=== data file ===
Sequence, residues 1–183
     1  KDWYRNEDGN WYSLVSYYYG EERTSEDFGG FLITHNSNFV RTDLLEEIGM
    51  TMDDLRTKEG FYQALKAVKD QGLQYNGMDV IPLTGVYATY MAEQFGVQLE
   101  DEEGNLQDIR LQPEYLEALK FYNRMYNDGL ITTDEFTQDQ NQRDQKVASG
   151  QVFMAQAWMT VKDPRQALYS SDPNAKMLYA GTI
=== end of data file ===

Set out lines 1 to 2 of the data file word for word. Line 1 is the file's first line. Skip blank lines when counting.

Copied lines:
Sequence, residues 1–183
     1  KDWYRNEDGN WYSLVSYYYG EERTSEDFGG FLITHNSNFV RTDLLEEIGM